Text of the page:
Doctor On Demand wasn't planning to raise capital this year, but the company has seen demand for virtual visits surge during the COVID-19 pandemic.
The venture-backed telemedicine company raised $75 million in series D financing led by General Atlantic, a global growth equity firm, with participation from existing investors.
"By early March, every aspect of our business accelerated, sales, our new payer and employer pipeline swelled, demand from patients. We decided that now is a good time to pull everything in by a year and invest ahead of our schedule," Doctor on Demand CEO Hill Ferguson told Fierce Healthcare.
"Just as COVID-19 has accelerated the adoption curve of telemedicine, it also has accelerated our investment schedule to keep up with it," Ferguson said.
Doctor on Demand will use the funds to build out its technology and invest in its virtual primary care and behavioral health platform, he said.
The company has raised $236 million to date.
The San Francisco-based company provides on-demand and scheduled visits with U.S.-licensed healthcare providers in both medical and behavioral health. The company currently covers more than 98 million lives.
“We believe virtual care has reached an inflection point, with significantly increased adoption levels, and that Doctor On Demand is well-positioned to capture the sustained growth of the broader industry," said Robbert Vorhoff, managing director and global head of healthcare at General Atlantic, in a statement.
The company more than doubled its covered lives in the past six months, propelling Doctor On Demand to 3 million virtual visits, the company said.
Doctor on Demand has been pushing forward to expand its virtual primary care services.
Last year, the company teamed up with Humana to launch a new virtual primary care model. Called On Hand, the plan gives patients access to a dedicated primary care physician as well as access to preventive care, urgent care and behavioral health through video visits with lower monthly premiums.
The new plan design represented a paradigm shift in healthcare, according to Chris Hunter, segment president, group, and military business at Humana.
The primary care model also demonstrated that Humana members can and will build long-term relationships with primary care providers and care teams in a virtual-first care setting, Hunter said in a statement.
In response to the public health emergency, the company mobilized quickly to roll out its critical virtual medical services to 33 million Medicare Part B beneficiaries across all 50 states, just weeks after the Centers for Medicare & Medicaid Services expanded coverage to allow for the reimbursement of telemedicine visits for this high-risk patient population, the company said.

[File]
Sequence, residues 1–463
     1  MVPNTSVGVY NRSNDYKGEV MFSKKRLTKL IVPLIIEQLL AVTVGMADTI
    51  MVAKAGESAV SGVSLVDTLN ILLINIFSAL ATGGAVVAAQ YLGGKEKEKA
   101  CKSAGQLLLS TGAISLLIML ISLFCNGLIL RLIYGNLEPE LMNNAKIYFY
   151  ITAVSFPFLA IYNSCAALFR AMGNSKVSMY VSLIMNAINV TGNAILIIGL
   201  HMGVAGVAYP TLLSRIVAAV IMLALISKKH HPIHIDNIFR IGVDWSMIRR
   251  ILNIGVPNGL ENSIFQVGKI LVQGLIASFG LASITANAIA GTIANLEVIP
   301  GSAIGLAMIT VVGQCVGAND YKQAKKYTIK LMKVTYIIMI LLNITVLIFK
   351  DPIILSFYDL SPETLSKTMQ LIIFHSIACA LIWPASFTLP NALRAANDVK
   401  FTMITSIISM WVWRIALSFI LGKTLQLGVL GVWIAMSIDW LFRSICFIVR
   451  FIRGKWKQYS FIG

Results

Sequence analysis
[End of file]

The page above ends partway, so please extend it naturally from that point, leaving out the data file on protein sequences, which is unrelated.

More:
Behavioral health visits are up 180% year over year, and the company's overall business is up triple digits, Ferguson said.
While COVID-19 has driven a sharp increase in the utilization of Doctor On Demand’s urgent care and behavioral health services, more than half of the company’s 2020 future growth is focused on the continued expansion of its virtual primary care offering.
“COVID-19 awakened the industry to the benefits of virtual care as a means to reach all patient populations, and at the same time, demonstrated the high quality of care that can be delivered in a virtual-first setting,” Ferguson said.
Not only are patient appointments up, but provider interest has grown as well. The company has 1,000 providers in the pipeline who want to join its virtual services, Ferguson said.
As virtual care grows, Ferguson sees opportunities to integrate telehealth with remote monitoring devices to improve healthcare services to patients.
"The remote monitoring opportunity is huge, particular with Medicare. Adding remote monitoring to that Medicare population is an important and interesting growth area for us. So much of what traditionally has been done in the annual physical check-up in the doctor’s office can be done at home with the right devices," he said.
Virtual care continues to be a bright spot during the COVID-19 pandemic, and telemedicine companies are flourishing. Venture capital funding for telemedicine companies surged in the first half of 2020 to $926 million, Rock Health reported.
While there have been some reports that telemedicine usage among physicians is declining as practices reopen, Ferguson says Doctor on Demand's virtual visits continue to climb, and he believes telehealth has hit an inflection point.
"Once you’ve tried a better way to access care, there is no reason to go back to how things were before. The genie is out of the bottle," he said.
He also believes there is growing industry momentum behind federal policy changes to support expanded access to telehealth.
"We’re running a giant beta test of the American healthcare system and now we will have a huge amount of data to look at when it’s over to help inform policy decisions," he said.